- Uber CFO Nelson Chai will reportedly be departing from his role after a five-year tenure, according to a Tuesday Bloomberg News report.
- Chai informed CEO Dara Khosrowshahi that he will be stepping down from his role, Bloomberg said, citing people familiar with the matter. An Uber spokesperson told the news outlet that the ride-sharing company was “not going to comment on any executive’s potential career decisions during a quiet period.” No planned departure date has been set for the reported move.
- Chai’s departure would mark the most significant executive switch at the San Francisco, California-based company since the company went public in May 2019, Bloomberg said.
A veteran of Merrill Lynch — where he served as CFO — and the CIT Group, Chai took the ride-sharing company’s finance seat in 2018 as the company marshaled forces for its coming initial pubic offering, only a year after Khosrowshahi was named CEO.
Chai’s appointment was an especially essential hire for Uber at the time as its CFO seat had been sitting empty since 2015 with the departure of Brent Callinicos that year, according to a 2018 New York Times report.
The CIT alum led the company through its hotly-anticipated IPO, which occurred with a whimper rather than the expected bang; the ride-sharing behemoth ended its first day of trading after its IPO with shares down 7.6% — giving it a lower valuation at the time than its private $76 billion valuation, according to a 2019 report by CNBC.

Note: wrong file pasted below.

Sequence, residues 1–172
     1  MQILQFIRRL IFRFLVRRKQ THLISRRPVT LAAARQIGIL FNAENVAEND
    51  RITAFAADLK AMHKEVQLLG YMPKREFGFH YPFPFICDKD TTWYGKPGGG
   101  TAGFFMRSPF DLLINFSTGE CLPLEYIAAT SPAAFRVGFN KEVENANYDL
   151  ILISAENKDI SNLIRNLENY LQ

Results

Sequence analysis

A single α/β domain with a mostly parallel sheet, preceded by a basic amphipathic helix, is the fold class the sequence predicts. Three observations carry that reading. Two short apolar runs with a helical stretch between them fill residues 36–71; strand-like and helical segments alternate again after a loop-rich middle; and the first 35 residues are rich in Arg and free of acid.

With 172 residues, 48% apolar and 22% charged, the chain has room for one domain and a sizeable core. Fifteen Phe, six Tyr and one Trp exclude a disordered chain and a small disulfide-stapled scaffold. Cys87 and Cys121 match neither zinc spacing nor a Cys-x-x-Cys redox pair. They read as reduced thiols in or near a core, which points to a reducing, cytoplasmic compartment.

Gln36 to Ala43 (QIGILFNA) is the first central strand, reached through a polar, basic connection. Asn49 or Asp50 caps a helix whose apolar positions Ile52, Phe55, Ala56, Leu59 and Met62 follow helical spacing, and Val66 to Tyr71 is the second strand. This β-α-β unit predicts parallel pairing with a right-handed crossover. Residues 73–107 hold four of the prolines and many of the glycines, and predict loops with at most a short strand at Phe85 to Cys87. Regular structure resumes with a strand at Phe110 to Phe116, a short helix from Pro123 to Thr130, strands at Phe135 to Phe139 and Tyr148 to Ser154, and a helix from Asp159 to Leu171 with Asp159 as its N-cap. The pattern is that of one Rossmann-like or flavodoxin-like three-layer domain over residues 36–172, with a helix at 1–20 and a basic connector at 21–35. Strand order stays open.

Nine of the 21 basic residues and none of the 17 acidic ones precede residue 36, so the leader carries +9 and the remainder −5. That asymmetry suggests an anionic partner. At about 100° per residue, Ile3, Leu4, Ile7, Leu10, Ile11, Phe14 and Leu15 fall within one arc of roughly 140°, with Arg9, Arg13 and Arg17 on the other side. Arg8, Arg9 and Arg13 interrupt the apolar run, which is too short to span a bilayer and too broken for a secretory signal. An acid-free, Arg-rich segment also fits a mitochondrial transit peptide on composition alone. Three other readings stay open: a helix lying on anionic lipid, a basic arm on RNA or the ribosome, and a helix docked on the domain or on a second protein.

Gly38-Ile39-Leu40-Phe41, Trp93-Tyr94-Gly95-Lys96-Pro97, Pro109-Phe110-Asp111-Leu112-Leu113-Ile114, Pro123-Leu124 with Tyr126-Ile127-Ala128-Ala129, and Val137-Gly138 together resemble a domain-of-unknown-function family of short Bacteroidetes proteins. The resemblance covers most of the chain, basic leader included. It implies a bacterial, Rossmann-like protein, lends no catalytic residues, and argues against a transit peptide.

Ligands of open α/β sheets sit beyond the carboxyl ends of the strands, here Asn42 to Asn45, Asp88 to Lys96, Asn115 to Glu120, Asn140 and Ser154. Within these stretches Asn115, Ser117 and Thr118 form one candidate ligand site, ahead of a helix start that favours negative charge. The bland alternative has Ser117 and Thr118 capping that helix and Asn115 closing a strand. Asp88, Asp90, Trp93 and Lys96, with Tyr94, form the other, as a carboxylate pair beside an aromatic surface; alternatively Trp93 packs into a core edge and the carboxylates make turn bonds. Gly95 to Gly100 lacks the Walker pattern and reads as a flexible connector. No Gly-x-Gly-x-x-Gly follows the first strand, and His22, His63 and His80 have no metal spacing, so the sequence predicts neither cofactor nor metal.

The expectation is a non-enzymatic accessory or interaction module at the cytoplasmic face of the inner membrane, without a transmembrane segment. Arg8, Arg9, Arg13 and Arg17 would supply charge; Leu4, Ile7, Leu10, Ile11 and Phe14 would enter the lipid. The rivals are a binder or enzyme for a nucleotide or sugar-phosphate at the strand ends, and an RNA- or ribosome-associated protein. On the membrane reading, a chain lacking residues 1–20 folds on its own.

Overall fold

Follwing its IPO, Uber struggled with a slump in ridership in the COVID-19 pandemic and its share price still hovered below that of its IPO in 2021. Uber was also among the companies that conducted large-scale layoffs as it faced pandemic-related financial challenges. It cut 6,000 jobs in 2020 as part of a planned $1 billion cost-reduction plan.
Chai also presided over the company’s efforts to diversify its portfolio beyond rides as it struggled to adjust to life as a public company in a post-pandemic world; Uber acquired food delivery app Postmates in a $2.65 billion deal in 2020 and subsequently incorporated it into its own fast-growing delivery subsidiary Uber Eats.
Chai also helped to push the company towards its first-ever cash flow positive quarter as CFO, with an influx in driver signups leading Uber to report positive cash flow of $382 million in August 2022, CFO Dive previously reported.
The trend has continued in its most recent quarter, with Uber reporting a record free cash flow of $549 million, according to the company’s earnings results.
Khosrowshahi expressed confidence in Uber’s ability to weather current economic headwinds, urging investors to remember that “this is not a fair weather company,” on its most recent earnings call in May.
“I think Nelson and myself, the rest of the team have a demonstrated the ability to deliver in good markets and bad markets,” he said during the call.
Uber did not immediately respond to requests for comment by CFO Dive.